mirceaalex001 wrote: ↑
Thu, 17 May 2018, 14:23
And measured with a multimeter , even with the pv switch off , i have that 46v there ,
By "there", do you mean at the PV input terminals? Is it possible that this is leakage across your PV switch? For example, can you ever see this 46 V at night?
so , somehow is taking dc current from another place .
It must be taking *some* current to see the 46 V at the PV input, but even 5 microamps would be enough to register 46 V on a multimeter with a typical 10 MΩ input resistance. But I think that you're saying that the SCC relay coils (there are two in parallel) are turned on somehow. That would require of the order of a watt, which is some 20 mA at 50 V, and would require more than that (a few watts) to drive the SCC processor and associated electronics as well. But I can't imagine the current draw from the battery being near the 28 W that has been mentioned, just for the SCC electronics.
I have found another way to turn it off ( the panels ) is by setting the max charge to 0 [ amps ] and then back to desired amp . After it disconnect that relay , is ok , until is connected again, so is like is some dc voltage on the other side of the relay , or is like a circuit that closes with that relay . Do You have any ideas what can be ? Or if i can set the pv input voltage cutoff .... ?Thank you !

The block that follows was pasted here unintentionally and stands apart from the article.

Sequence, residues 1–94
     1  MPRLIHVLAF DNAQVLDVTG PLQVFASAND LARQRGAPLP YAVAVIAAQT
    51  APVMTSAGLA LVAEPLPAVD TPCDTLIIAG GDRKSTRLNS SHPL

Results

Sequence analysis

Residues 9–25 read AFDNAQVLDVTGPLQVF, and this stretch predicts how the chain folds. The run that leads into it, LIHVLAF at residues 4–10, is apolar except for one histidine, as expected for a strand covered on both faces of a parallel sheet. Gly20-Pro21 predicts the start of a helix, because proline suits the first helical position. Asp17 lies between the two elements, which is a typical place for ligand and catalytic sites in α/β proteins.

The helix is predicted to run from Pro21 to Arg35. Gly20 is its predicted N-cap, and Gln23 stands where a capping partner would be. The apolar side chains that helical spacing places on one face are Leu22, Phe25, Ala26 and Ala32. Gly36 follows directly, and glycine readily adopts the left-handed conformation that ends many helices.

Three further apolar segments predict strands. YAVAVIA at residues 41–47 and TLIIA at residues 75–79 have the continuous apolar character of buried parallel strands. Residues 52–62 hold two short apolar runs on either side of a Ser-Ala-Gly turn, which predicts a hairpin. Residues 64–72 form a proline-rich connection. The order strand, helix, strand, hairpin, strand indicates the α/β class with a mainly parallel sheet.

It sounds like what is happening is that somehow some of these SCCs are drawing power from the main battery even when the PV input is not present. They are designed to take their power (for the electronics) from the PV input only. However, I could imagine some errant path whereby the battery could supply power to the electronics, keeping the output relays on. The relays are
between the SCC output and the main battery. That would cause a small drain from the main battery, which would go away when the SCC is told to turn off its relays; it sounds like setting the maximum charge current to zero amps does this.
Since the SCC stays off after forcing the relay off once, it suggests that the SCC isn't getting power from the PV input. But it's not certain, because relays require a lot more voltage (and hence power) to pull in than to hold their held-in position. If you have leakage across your PV switch, it might be enough power to hold the relays in, but not enough to pull them in once off.
You could prove that one way or the other by disconnecting one or both wires to the PV input; if there is no significant leakage across your PV switch, this should make no difference. Do this at the end of a day before forcing off the relays, of course.
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